As I said right off the top, there are NO white knights when it comes to companies in distress - Berkshire are nothing more than vultures on the carcass BUT that Warren Buffett does have sex-appeal, don't he ... from Home Capital -

HOME CAPITAL REACHES AGREEMENT WITH BERKSHIRE HATHAWAY FOR INVESTMENT OF UP TO C$400 MILLION IN COMMON EQUITY AND PROVISION OF NEW C$2 BILLION CREDIT FACILITY

http://www.homecapital.com/pre.....202017.pdf

The New Credit Agreement is on substantially the same terms as the Existing Credit Agreement, except as follows:

the interest rate on outstanding balances will be decreased to 9.5% (from the current 10%) until completion of the Initial Investment, at which time it will be further decreased to 9%

the standby fee on undrawn funds will be decreased to 1.75% (from the current 2.5%) until completion of the Initial Investment, at which time it will be further decreased to 1%

there will be no upfront commitment fee

NOTHING more than shuffling deck chairs on the Titanic - let's be honest here, a financing deal with the BIG banks was never in the cards OR if it was it was with terms and conditions MORE onerous that HOOPP and the same deal from Berkshire.

--------------------------

Berkshire, through its wholly-owned subsidiary Columbia Insurance Company, has agreed to make an additional investment (the “Additional Investment”) of C$246,774,261 to acquire 23,955,420 common shares on a private placement basis, which, together with its Initial Investment, would represent an approximate 38.39% equity stake in the Company. Each common share in the Additional Investment will be issued at a price of approximately C$10.30 per common share ...

Those shares are at a 31% discount to the $14.94 closing price on June 21st.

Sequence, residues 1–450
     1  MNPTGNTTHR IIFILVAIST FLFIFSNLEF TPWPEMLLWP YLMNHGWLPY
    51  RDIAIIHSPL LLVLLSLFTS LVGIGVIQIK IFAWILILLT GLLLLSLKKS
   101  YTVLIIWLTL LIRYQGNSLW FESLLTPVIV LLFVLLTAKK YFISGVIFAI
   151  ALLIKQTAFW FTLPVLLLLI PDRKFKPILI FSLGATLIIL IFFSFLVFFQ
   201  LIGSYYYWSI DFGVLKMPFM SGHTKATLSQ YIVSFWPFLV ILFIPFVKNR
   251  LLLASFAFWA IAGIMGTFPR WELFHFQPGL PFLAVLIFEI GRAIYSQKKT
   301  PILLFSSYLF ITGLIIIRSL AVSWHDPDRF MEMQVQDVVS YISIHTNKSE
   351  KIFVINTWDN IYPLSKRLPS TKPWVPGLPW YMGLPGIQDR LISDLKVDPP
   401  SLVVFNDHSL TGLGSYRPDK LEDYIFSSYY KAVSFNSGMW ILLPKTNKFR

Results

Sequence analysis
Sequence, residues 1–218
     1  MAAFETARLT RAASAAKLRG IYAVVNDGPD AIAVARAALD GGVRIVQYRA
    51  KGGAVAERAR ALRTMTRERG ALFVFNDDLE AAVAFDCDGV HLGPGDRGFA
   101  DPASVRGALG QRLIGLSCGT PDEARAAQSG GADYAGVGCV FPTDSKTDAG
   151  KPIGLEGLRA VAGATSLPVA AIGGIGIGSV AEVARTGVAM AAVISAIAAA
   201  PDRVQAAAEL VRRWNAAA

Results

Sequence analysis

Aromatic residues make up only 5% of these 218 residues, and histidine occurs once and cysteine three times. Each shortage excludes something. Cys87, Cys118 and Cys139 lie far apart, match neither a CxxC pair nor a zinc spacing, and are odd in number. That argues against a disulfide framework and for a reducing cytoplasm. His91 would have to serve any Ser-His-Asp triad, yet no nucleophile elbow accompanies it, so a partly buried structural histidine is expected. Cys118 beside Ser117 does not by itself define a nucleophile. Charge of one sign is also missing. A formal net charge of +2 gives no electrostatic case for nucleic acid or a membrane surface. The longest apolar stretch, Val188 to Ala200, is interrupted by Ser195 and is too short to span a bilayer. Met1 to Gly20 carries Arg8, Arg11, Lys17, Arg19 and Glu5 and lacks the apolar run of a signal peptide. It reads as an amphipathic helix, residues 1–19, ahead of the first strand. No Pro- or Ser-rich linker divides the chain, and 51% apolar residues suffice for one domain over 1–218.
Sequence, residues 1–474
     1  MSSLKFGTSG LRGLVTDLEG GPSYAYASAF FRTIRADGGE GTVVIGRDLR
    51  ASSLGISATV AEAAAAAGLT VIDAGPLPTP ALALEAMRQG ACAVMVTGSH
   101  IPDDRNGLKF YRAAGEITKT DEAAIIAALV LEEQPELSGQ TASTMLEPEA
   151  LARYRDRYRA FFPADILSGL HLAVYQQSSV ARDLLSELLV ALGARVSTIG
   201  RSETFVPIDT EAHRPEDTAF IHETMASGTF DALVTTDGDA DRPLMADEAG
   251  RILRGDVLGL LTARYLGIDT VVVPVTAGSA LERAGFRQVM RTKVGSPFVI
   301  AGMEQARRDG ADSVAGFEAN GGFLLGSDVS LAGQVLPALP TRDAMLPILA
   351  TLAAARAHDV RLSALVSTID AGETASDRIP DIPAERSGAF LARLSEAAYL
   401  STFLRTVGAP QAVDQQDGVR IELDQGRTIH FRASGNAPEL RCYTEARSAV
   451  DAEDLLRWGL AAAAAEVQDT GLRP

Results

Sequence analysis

--------------------------

Much has been made over the past several months of the American shorters of HCG stock ... what's NOW apparent is that the true shorters of HCG stakeholders is NONE other than HCG themselves.  

HCG won't even need to tap Berkshire's line as their recent sale of commercial mortgages + Berkshire's initial equity investment will cover the remaining balance on their line. The commitment here from Berkshire is clearly equity ownership and not the loan that they're offering.

But yes, the Board has made the calculation that dilution is worth gaining the reputation that Berkshire has. FYI, that second equity investment still needs to be voted on in September.

June 22, 2017
2:54 pm
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Todays Liquidity and Deposits update from HCG

http://www.homecapital.com/pre.....202017.pdf

With the new sexy partner, who got his way in at a tremendous discount to market, it should be nothing but clear sailing with to-the-moon daily reporting.

As a bonus, I'm sure all the HCG stakeholders will be looking in their mailbox for their invitations to the May 2018 Berkshire picnic, in Omaha ... no!